Calder At Large

Peter Calder on life in New Zealand

Peter Calder: New face, but it's the same old place

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It's 'happy birthday' to a hometown that retains its familiarity, even if it has grown up and out over the years.

Victoria St, Hamilton in 1963. Photo / File
Victoria St, Hamilton in 1963. Photo / File

In those days, over the back fence was no man's land. Beyond the creek where eels nosed in the duckweed and cattle grew fat on grass so green it seemed blue, it was some man's land, of course, a farm. But to us it was an endless expanse of freedom that stretched off into the rising sun.

That back fence was pretty much the end of Hamilton - the open-road speed-limit sign was just a few doors along the street. Even with the orchard and chook-run and Mum's rockery and Dad's roses, our quarter-acre took forever to mow and the shilling I got for mowing it never seemed enough.

The upside was that the back lawn alone had room for a full-size cricket pitch, where a slip cordon of hydrangeas waited for an edge and the kitchen window waited for an uppish hook shot.

Now, an expressway passes the back boundary and I pass the house too quickly to pick it out. Even from the street frontage, its weatherboard and terracotta-tile bulk is hemmed in by cross-lease houses in front and behind.

No room for cricket there.

We left our home towns as soon as we could, then, resentful of their suburban complacency, lured by life in the big city. A boyhood friend, Chris Thompson, who grew up to be a wonderful guitarist and songwriter, distilled it in the refrain ("Hamilton, Hamilton, greatest little town in New Zealand / And I'd do anything to get away") to a song which was, if the truth be told, as much valentine as lampoon.

But we ex-Hamiltonians reserved the right to lampoon the place, particularly when the city started appending slogans to its name. "Where it's happening" was self-evidently false and "More Than You'd Expect" sounded faintly apologetic, too close for comfort to "It's Not Really That Bad".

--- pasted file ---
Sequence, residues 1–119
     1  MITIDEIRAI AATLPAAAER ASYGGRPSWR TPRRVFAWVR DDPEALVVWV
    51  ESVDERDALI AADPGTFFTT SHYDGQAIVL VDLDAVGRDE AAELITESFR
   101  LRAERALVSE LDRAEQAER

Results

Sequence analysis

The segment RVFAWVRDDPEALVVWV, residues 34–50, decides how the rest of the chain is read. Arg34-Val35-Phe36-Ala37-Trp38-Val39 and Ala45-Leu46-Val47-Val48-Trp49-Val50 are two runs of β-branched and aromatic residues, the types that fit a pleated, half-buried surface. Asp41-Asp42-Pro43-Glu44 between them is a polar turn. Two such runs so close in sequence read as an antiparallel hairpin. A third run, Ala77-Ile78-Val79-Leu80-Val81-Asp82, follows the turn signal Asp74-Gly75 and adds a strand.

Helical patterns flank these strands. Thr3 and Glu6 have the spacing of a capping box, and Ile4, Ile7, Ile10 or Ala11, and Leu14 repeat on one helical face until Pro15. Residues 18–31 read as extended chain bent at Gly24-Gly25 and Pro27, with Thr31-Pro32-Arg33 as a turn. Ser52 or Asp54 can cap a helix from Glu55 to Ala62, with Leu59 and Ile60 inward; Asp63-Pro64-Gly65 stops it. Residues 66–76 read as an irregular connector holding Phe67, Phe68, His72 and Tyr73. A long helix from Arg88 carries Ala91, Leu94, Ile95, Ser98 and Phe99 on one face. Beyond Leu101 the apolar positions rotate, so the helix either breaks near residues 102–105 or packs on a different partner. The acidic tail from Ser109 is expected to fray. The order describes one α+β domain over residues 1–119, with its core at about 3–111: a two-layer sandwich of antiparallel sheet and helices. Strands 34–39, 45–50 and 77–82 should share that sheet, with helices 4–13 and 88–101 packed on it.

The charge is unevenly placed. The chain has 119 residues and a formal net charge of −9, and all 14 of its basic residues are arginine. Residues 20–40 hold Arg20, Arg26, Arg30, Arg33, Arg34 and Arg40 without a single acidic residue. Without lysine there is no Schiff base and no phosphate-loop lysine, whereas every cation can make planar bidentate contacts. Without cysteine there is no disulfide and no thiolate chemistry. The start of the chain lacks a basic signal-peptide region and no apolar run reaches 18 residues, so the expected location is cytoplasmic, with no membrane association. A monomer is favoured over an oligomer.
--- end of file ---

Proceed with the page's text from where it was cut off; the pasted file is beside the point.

Last weekend, the place celebrated its 150th birthday. I couldn't help chuckling when I read that from the start, people were doing anything to get away: its 1864 population of 1000 dropped by 700 in the next four years as farmers grew disheartened by the swampy land.


Victoria St in Hamilton today.

That aside, the date caught me by surprise, as when someone's kid, unseen since infancy, turns up at a wedding, married and with children of her own.

I had not forgotten Hamilton completely since I left; indeed I lived there briefly in the late 1970s, and I still visit in-laws there from time to time.

I drive the same streets I cycled when I wore short pants, marvelling at how near everything is to everything else. I look at my primary school playground and remember how vast it seemed, the field so distant that it hardly seemed worth running all that way to play cricket at morning break; now I can almost reach across it. I am larger - not just around the waist but because my world is bigger than the distance between home and school.

Hamilton is bigger too. There are four times as many people there as when I was a kid, and it's New Zealand's second-fastest-growing centre, after the mutating monster that is Auckland.

But it's hard to let your home town grow up. The human desire to see things as they were rather than as they are now is hard to shake, because holding on to our preconceptions gives us the comfort of certainty.

On the main drag, Victoria St, you don't see yards full of tractors and haybalers now, or stores selling milking machines and cattle drench. The south end has some pretty good restaurants. Paul's Book Arcade has gone and so has the faux-Tudor Civic, next to the municipal pools that we called "the mewnies", with no idea why, but there's a theatre across the street in the old Innes Tartan bottling plant where we used to cadge free fizzy drinks from a kindly receptionist.

So it's not a cow town any more. It spreads north to meet me - every time I drive down there, taking the back road from Taupiri, the outskirts seem to start a few hundred metres earlier - but there remains something reassuring about its scale and its familiarity.

It's like being in your own kitchen, where you can pick stuff up with your eyes closed. In Hamilton, I still know what's going to happen when I turn this or that corner. It will be different, but the same. In the best way. That makes it worth going back to - not getting away from. Happy birthday, Hamilton.

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